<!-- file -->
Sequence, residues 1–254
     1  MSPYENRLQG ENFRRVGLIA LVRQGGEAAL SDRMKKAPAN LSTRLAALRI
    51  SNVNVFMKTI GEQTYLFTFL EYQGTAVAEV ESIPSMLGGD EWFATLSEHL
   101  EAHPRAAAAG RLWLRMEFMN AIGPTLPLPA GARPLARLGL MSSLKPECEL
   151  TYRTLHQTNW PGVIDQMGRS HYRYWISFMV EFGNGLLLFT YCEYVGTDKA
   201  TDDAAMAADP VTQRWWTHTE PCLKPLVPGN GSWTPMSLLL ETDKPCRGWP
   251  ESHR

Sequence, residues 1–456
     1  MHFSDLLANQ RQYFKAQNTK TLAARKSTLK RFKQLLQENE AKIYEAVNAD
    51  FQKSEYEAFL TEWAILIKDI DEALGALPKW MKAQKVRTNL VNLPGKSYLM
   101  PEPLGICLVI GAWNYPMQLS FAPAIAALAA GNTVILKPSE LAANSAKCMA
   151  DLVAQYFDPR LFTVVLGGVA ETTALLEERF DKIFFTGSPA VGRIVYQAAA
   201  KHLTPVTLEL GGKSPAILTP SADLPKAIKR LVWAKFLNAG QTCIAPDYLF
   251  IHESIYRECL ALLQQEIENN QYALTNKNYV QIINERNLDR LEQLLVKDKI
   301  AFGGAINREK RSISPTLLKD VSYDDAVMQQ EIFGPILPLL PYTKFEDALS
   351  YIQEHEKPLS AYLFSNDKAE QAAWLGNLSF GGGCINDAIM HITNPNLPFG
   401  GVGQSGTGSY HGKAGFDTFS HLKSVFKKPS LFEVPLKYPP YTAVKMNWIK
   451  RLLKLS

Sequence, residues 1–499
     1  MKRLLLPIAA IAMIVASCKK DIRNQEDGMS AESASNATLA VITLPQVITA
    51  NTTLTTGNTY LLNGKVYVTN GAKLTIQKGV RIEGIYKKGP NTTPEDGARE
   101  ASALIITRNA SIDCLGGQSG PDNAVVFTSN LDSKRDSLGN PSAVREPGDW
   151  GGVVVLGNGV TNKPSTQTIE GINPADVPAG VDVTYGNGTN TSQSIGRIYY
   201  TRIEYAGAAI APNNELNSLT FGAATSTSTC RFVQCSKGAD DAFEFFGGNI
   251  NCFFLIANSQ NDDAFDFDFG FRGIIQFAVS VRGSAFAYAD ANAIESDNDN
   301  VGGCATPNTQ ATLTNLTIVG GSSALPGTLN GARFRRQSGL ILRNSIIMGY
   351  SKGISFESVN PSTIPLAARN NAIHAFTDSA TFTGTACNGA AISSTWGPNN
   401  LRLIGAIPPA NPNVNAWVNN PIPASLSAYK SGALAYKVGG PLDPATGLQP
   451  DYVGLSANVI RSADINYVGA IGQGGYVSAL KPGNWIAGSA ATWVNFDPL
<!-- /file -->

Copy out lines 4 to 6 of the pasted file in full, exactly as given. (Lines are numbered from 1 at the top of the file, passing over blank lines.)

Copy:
   101  EAHPRAAAAG RLWLRMEFMN AIGPTLPLPA GARPLARLGL MSSLKPECEL
   151  TYRTLHQTNW PGVIDQMGRS HYRYWISFMV EFGNGLLLFT YCEYVGTDKA
   201  TDDAAMAADP VTQRWWTHTE PCLKPLVPGN GSWTPMSLLL ETDKPCRGWP